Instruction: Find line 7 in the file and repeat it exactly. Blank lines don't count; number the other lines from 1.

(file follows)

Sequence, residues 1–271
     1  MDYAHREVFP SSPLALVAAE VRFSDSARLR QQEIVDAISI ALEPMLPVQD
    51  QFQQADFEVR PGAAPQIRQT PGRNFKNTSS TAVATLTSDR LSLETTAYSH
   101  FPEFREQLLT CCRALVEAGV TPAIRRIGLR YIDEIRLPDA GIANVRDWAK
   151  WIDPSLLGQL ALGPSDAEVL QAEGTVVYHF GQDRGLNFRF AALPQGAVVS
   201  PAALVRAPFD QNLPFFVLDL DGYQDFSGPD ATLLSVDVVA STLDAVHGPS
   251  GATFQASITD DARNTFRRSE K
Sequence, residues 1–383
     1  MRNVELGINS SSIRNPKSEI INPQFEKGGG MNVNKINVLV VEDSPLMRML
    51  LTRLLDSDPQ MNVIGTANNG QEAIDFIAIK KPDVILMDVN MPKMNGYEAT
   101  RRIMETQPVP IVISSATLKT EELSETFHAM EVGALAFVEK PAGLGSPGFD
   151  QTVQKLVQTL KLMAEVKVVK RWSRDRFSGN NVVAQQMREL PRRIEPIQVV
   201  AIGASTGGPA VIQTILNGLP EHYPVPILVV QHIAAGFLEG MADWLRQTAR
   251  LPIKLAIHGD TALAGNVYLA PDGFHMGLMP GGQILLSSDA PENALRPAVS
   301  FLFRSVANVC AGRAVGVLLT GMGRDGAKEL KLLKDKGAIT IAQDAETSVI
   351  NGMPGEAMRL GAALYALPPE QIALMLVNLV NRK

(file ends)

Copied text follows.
   251  GATFQASITD DARNTFRRSE K